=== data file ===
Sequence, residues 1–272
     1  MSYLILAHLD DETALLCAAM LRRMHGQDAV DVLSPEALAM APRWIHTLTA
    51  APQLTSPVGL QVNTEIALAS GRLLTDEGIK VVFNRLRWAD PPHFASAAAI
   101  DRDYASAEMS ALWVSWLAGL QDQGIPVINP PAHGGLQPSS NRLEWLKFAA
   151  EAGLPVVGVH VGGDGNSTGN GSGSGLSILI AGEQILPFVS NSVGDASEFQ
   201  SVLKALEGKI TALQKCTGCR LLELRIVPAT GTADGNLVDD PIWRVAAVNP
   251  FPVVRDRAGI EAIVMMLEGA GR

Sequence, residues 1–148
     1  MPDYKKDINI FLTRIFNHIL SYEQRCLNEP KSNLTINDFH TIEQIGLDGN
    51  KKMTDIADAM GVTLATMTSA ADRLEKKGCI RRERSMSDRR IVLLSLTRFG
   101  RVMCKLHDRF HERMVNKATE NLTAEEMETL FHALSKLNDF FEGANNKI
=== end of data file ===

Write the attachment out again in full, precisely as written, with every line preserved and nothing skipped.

Sequence, residues 1–272
     1  MSYLILAHLD DETALLCAAM LRRMHGQDAV DVLSPEALAM APRWIHTLTA
    51  APQLTSPVGL QVNTEIALAS GRLLTDEGIK VVFNRLRWAD PPHFASAAAI
   101  DRDYASAEMS ALWVSWLAGL QDQGIPVINP PAHGGLQPSS NRLEWLKFAA
   151  EAGLPVVGVH VGGDGNSTGN GSGSGLSILI AGEQILPFVS NSVGDASEFQ
   201  SVLKALEGKI TALQKCTGCR LLELRIVPAT GTADGNLVDD PIWRVAAVNP
   251  FPVVRDRAGI EAIVMMLEGA GR

Sequence, residues 1–148
     1  MPDYKKDINI FLTRIFNHIL SYEQRCLNEP KSNLTINDFH TIEQIGLDGN
    51  KKMTDIADAM GVTLATMTSA ADRLEKKGCI RRERSMSDRR IVLLSLTRFG
   101  RVMCKLHDRF HERMVNKATE NLTAEEMETL FHALSKLNDF FEGANNKI